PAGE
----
“Once I get my MFA, I want to travel the world and write for at least a year, so that I can enjoy some more life experiences,” she said.
BA English Literature; Minor, Creative Writing
High School: Clovis North (Fresno)
Like many creative writers that focus on writing fiction, Bekah Izard wants to make books that tell the stories that have been playing in her head for years, and then share with the world.
Izard, a first-generation college student, likes to pull inspiration for her writing from various mythologies, in order to celebrate how the human mind can explore real-life issues through worlds of fantasy. Her current project, which she hopes one day can become a book series or graphic novel, focuses on one heroine’s struggle for agency over her own body, within a magical-realist world that reflects our own.
At first, Izard felt sheepish about a career goal of wanting to write fantasy books. But she was drawn to them, and she keeps following her instinct.
“There are so many genres from so many time periods and you do not have to be interested in what people think of as ‘scholarly’ literature to be a successful scholar,” she said. “You have to seek out what you find cool and inspiring and stick with it, and you’ll be all the happier.”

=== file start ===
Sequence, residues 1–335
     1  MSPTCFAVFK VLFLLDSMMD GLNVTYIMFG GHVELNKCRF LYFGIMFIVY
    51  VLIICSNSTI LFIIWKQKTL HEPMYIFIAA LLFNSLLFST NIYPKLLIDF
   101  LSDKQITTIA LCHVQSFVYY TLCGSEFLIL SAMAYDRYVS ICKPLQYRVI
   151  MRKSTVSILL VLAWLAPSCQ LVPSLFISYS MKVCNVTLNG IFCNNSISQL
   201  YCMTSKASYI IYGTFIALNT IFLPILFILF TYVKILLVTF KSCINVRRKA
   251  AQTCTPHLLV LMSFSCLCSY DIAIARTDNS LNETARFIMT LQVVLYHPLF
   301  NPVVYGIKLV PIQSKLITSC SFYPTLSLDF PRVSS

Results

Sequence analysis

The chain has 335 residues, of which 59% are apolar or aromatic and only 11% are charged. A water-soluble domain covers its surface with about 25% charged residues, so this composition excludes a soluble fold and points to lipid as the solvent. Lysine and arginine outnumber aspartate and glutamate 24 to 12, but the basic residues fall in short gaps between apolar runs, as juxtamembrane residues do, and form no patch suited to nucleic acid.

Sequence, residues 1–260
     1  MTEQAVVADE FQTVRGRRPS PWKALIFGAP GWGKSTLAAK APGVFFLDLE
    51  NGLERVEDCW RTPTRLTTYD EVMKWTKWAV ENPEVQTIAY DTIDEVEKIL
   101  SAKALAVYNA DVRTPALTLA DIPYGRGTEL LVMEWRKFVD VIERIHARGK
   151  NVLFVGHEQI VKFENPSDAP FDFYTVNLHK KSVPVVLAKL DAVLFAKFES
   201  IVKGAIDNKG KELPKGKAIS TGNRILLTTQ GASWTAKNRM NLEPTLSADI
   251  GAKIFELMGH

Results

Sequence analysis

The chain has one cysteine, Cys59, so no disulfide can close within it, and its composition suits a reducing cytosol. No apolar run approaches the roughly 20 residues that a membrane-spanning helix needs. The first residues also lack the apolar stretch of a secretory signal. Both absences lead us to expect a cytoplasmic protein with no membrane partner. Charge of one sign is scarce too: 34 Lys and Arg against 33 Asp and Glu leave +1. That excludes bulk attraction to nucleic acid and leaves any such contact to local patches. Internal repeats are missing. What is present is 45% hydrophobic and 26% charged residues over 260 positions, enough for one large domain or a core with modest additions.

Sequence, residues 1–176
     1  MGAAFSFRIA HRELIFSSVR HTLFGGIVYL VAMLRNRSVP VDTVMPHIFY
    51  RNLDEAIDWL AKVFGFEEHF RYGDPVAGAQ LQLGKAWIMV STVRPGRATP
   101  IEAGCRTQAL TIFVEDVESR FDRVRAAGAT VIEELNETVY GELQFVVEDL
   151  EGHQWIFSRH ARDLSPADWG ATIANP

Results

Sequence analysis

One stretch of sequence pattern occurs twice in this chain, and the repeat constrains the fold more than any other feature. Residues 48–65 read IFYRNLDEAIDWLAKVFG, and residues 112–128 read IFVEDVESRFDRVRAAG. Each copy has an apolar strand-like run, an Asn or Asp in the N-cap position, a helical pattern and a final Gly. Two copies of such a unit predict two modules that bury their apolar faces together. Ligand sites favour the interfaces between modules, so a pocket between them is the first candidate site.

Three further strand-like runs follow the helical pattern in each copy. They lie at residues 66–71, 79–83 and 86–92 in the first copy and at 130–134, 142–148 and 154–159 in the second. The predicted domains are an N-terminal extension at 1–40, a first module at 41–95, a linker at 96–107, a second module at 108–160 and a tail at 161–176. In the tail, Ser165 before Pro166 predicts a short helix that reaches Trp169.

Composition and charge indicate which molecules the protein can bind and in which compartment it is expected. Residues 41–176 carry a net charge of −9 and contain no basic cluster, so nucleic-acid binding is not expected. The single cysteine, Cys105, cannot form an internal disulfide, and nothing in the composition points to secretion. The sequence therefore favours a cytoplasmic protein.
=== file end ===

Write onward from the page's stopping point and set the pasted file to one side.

Izard credits her experience in the College of Arts and Humanities Honors Program as being pivotal in allowing herself to seriously pursue creative writing within her English degree.
Her faculty mentor is Steve Adisasmito-Smith, an English Department specialist in world literature, mythology and folk tales. Izard’s honors project focuses on representation of the Sidhe, also known as fairies, in select Irish myths.
“Being able to study and reflect on the fantasy elements within Celtic mythology has only made me more confident in the prospect of pursuing a writing career that incorporates my love of fantasy,” she said.
Izard will study creative writing this fall in the Master of Fine Arts program at Chapman University, in Orange County.
B.A. English Education
High School: Clovis East
Jade Martinez felt drawn to English Studies from the start for its wide variety of topics to choose from. Performance, theater, communication, creative writing, literature analysis — the mix of subject matter has inspired her to pursue the career goal of teaching middle school English, where she can utilize all these areas daily.
She’s also now following in the footsteps of her grandmother, an elementary school teacher and “the reason I decided to become a teacher.”
Although Martinez is currently studying the teaching of English, she enjoys creative writing the most. “It gives me an outlet and a personal space to write my thoughts, ideas, emotions and anything else I would like to share and confide,” she said.